A Brilliant Void: A Selection of Classic Irish Science Fiction (Tramp Press, 2018)
In this volume, you’ll find fifteen stories by Irish writers, from the 1830s to the 1960s, who were writing science fiction at a time when it was neither profitable nor popular.
Thrill! to the antics of mad scientists as they bend time, explore the universe’s hidden depths, and violate the laws of nature and common sense!
Panic! at philosophical thought experiments taken to their existentially horrifying extreme!
Marvel! at the hairy baby!
Available from the Tramp Press website, at all good bookshops, and a few disreputable ones as well.
Irish Science Fiction (Liverpool University Press, 2014)
With a title more authoritative than the book was meant to be, Irish Science Fiction was the outcome of six years’ research and writing, and I still didn’t scratch the surface of what was out there. Though the title makes it sound like an encyclopedia, it’s really my theory of the SF/F/H genres’ relationships to history, filtered through the lens of Irish sci-fi novels and short stories from the 1850s to the late 00’s. It’s an academic book, too, so maybe order it through your library, rather than buying it yourself.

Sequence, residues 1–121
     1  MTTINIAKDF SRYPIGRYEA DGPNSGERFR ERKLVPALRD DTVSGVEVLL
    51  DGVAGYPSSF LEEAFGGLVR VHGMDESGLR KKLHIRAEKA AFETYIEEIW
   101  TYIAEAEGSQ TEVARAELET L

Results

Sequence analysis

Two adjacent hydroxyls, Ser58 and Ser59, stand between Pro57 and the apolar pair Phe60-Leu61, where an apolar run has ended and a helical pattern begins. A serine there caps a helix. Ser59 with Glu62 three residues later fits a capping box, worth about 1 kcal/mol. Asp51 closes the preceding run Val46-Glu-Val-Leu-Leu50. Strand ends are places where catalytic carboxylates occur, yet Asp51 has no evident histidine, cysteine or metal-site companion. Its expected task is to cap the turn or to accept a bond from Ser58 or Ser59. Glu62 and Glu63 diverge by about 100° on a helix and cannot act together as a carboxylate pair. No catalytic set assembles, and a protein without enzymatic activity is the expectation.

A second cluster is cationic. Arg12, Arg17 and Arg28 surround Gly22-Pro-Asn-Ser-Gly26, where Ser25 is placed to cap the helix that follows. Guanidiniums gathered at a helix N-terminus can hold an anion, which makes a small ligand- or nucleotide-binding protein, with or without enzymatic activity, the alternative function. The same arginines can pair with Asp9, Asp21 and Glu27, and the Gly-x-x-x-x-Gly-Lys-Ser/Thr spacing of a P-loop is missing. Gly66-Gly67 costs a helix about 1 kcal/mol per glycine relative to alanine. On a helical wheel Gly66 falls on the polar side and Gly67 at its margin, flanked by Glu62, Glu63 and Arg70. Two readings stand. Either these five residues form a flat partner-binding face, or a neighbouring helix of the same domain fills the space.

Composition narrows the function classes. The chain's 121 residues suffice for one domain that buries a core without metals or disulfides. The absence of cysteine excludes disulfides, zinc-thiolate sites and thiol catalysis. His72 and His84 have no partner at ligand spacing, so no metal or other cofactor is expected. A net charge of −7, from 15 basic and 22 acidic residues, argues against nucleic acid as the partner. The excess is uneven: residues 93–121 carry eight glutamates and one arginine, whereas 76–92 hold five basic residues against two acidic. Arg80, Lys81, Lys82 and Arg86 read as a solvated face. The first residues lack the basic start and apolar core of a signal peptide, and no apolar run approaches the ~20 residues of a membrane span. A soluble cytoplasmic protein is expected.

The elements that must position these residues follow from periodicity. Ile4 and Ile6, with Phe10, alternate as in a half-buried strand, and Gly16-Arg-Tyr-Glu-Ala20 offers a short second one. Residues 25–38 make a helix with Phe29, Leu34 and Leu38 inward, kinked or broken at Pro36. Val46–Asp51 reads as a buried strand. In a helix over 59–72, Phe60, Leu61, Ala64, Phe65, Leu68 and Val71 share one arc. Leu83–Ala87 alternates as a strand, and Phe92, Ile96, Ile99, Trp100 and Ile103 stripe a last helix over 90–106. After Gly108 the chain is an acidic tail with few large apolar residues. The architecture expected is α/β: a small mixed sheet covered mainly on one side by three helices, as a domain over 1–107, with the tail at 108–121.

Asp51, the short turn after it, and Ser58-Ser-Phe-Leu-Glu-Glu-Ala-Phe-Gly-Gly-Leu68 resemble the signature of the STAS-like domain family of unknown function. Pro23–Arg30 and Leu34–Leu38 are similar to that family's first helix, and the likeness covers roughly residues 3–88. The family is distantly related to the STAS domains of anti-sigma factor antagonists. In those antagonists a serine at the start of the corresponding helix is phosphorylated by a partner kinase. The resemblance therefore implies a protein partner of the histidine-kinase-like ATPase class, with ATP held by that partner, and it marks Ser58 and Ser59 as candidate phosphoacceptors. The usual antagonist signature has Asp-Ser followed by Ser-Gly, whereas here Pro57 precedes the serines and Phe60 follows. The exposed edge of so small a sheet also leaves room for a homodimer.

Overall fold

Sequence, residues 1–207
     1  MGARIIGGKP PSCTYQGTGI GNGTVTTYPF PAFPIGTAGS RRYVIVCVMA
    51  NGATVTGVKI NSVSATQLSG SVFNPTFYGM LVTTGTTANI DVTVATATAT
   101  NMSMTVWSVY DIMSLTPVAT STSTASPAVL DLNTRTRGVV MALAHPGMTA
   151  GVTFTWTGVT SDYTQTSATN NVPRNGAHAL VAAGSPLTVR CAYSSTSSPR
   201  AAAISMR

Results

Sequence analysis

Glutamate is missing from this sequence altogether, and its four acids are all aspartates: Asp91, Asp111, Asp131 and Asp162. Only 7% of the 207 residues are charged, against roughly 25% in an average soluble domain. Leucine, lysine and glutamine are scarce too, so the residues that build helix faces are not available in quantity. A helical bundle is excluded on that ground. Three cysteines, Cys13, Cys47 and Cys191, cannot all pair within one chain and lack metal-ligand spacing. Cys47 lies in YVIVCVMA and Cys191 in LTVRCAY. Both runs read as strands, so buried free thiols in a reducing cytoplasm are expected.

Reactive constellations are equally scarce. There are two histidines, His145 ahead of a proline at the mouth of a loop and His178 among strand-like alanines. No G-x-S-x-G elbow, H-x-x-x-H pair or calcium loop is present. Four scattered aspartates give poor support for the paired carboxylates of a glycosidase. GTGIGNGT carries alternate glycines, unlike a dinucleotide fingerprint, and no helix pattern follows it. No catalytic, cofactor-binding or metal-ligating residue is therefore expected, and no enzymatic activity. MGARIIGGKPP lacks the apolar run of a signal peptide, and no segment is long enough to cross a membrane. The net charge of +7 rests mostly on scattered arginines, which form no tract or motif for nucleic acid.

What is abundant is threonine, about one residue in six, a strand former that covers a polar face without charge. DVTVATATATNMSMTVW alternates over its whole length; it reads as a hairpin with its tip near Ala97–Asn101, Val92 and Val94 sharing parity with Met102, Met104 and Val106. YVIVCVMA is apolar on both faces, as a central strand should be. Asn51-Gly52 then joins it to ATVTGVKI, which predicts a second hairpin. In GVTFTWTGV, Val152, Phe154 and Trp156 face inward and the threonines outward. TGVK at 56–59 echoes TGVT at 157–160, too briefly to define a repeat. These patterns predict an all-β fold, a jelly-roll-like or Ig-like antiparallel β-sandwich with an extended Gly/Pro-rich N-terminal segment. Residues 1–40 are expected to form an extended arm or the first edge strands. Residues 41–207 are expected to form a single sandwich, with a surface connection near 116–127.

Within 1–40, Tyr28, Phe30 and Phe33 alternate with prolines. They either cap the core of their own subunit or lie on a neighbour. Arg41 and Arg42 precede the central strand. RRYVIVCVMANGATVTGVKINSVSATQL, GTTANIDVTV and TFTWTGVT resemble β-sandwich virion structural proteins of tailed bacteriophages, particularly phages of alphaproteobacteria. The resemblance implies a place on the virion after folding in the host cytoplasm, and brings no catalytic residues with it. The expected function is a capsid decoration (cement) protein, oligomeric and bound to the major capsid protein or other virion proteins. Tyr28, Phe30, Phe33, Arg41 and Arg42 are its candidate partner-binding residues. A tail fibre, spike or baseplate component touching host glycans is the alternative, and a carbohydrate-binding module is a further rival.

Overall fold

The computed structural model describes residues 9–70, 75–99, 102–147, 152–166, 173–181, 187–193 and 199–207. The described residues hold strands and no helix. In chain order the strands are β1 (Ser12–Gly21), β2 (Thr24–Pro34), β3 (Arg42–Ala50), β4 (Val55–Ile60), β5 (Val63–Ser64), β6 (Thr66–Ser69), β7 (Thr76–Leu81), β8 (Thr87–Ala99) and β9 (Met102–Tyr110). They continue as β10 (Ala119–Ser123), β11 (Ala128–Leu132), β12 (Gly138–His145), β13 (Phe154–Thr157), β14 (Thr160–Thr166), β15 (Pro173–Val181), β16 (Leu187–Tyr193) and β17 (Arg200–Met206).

If LUP ever re-issue it, I hope they use this blurb on the back cover:
“I threw it across the room and wrote ‘F*ck you!’ in the margins” – James Bacon.
I translated five short stories by Brian O’Nolan (a.k.a. Flann O’Brien) from the original Irish for this 2013 collection: ‘Revenge on the English in the Year 2032!’; ‘The Arrival and Departure of John Bull’; ‘The Tale of the Drunkard: MUSIC!’; ‘The Reckonings of Our Ancestors’; ‘The Tale of Black Peter.’
“The Drawn Daughters of Dracula: Vampire Girlhood in British Comics of the 1970s and 1980s.” Growing Up With Vampires: Vampires in 20th- and 21st-Century Children’s Media. Edited by Simon Bacon and Katarzyna Bronk. Jefferson, North Carolina: McFarland & Company, Inc. (2018)
For a number of reasons, during the 70’s and 80’s the only horror comics being published in the UK were aimed primarily at teenage girls. In this piece, I look at various vampire-related stories from comics such as Misty, as well as one of my favourite comic-strip characters, the pint-sized vampire Draculass.
“Looking for Lucian’s Locale: The Case of ‘Cuairt ar an nGealaigh.’” Comparative Becomings: Studies in Transition. Daragh O’Connell and Michael G. Kelly, eds. Pieterlen (Bern), Switzerland: Peter Lang, 2017.